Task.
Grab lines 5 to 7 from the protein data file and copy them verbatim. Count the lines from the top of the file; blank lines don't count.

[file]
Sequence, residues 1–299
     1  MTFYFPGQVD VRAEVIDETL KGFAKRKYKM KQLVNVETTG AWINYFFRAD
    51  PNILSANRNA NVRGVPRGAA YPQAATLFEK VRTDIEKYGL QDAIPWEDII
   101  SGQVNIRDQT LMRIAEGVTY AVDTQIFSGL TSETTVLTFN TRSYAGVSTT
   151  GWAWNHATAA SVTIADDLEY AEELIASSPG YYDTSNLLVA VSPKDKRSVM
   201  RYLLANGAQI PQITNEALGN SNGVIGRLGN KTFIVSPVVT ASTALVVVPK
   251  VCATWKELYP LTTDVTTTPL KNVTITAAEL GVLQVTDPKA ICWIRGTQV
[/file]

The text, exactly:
   151  GWAWNHATAA SVTIADDLEY AEELIASSPG YYDTSNLLVA VSPKDKRSVM
   201  RYLLANGAQI PQITNEALGN SNGVIGRLGN KTFIVSPVVT ASTALVVVPK
   251  VCATWKELYP LTTDVTTTPL KNVTITAAEL GVLQVTDPKA ICWIRGTQV